Twitter is not known for feature-creep, but last week it introduced a significant new feature that will have real impact on how Twitter is used: Twitter Lists.
So what are Twitter Lists?
They are named groups of people who have Twitter accounts. I created a list for folks who write about Open Source (link) and did the same for Marketing (link). I made these list public, so anyone can see who I track in these lists. I also subscribed to a list called “foss” by Stephen O””””Grady. It is a humble start, but it gets the idea across. I will work to move my TweetDeck groups over in the coming weeks.
Twitter says that Lists are “A great way to organize the people you follow”, but I could add people who I do not follow to my lists. I suspect that this will be a big disincentive to following people in Twitter. Seeing the messages in the context of the list in which they occur will make them more meaningful than the generic stream of messages from all people I follow mashed together.
I am sure the folks at the Twitter ranking systems are already busy recalibrating their algorithms.
Apart from the convenience of the Lists for following what is being said in the Twitterverse, what do Twitter Lists mean for you if you want your message to be heard and your brand to be known?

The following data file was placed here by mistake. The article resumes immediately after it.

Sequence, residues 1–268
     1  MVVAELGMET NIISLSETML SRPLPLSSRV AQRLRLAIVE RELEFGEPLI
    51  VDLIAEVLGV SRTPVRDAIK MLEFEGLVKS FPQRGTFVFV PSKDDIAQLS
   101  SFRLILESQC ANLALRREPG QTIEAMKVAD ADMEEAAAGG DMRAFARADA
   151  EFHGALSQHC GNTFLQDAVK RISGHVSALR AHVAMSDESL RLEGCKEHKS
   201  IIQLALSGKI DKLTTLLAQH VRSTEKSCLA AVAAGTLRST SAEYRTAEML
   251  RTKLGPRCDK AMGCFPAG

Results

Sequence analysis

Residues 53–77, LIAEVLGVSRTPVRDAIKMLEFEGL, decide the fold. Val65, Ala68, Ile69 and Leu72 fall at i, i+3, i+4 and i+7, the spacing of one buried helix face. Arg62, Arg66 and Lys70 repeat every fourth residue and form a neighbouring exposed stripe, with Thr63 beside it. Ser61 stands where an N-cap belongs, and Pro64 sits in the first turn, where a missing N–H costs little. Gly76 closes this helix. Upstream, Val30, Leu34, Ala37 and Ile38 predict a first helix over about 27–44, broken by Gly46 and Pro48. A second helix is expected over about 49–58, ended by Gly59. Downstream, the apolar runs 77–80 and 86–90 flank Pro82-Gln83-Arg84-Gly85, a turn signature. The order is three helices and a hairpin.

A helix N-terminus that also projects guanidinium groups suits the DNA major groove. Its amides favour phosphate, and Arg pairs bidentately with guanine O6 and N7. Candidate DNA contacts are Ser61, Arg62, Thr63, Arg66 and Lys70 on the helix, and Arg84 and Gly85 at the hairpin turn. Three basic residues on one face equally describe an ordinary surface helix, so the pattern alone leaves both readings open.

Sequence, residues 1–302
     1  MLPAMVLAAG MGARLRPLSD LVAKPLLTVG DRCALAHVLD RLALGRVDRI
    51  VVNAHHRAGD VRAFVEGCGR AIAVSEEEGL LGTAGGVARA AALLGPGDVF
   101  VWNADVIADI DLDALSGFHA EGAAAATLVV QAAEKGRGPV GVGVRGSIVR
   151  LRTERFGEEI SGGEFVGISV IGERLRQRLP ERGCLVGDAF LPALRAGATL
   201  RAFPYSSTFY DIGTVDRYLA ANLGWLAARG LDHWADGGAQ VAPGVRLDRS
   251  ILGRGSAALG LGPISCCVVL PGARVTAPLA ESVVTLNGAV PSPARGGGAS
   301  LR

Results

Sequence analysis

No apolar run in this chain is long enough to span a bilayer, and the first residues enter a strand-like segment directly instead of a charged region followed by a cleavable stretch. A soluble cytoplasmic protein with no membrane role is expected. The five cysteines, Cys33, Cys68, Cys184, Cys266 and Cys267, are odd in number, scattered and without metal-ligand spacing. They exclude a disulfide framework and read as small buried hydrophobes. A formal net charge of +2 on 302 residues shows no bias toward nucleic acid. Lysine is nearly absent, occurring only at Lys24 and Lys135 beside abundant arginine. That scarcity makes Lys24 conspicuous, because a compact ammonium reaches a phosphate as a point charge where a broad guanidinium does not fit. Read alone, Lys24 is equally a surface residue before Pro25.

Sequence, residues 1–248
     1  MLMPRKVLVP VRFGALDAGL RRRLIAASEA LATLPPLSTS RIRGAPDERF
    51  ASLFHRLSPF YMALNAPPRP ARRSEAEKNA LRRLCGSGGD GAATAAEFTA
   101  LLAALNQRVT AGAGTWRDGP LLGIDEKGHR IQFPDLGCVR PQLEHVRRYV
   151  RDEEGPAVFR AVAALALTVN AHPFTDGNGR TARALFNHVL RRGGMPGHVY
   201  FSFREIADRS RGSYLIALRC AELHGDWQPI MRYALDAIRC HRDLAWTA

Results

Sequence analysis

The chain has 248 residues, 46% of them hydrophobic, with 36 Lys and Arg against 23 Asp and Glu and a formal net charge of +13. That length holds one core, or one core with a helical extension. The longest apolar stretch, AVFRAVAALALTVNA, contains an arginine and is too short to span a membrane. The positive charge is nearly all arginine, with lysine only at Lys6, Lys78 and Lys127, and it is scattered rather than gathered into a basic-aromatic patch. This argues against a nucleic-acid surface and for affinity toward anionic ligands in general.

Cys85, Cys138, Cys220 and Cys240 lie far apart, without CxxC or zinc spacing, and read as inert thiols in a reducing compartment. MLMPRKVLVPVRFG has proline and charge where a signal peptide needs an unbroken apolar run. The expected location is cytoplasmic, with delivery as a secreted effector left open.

- Get used to the idea that the value of the number of followers you have will quickly deteriorate in terms of your social capital. If you are not on someone”s list, (s)he will not see your posts, even if that someone is a follower.
- To be included on someone”s list, you”ll have to be recognized as an authority or at least meaningful contributor in some field. If your messages are all over the map, no one will know what list to place you on.
- At least for now, the number of individuals who can be followed in a list is restricted, so the placement on a good list is a premium event. Thank the list owner, return the favor if possible, and promote the list.
- Use the reports of the lists that include you to learn how you are categorized. Does that match the brand image you want out there?
- Create lists that reflect you brand. Choose wisely, express your thought-leadership. Do not just list the Twitter superstars like Obama and Spears, everybody can do that. Find topical experts who really contribute, and ideally ones who include positive messages about *you* (your organization) in their tweets.
- Promote your lists on your blogs and other web assets. These will be great content generators, with 24×7 up-to-the-minute information on your topics.
Some of the major Twitter brands like Guy Kawasaki are being added to hundreds of lists per day. Soon there will be a recognized elite in the Twitter List Universe. The expected brands will be there, but many cards will be reshuffled. Make sure that your brand creates a presence there too.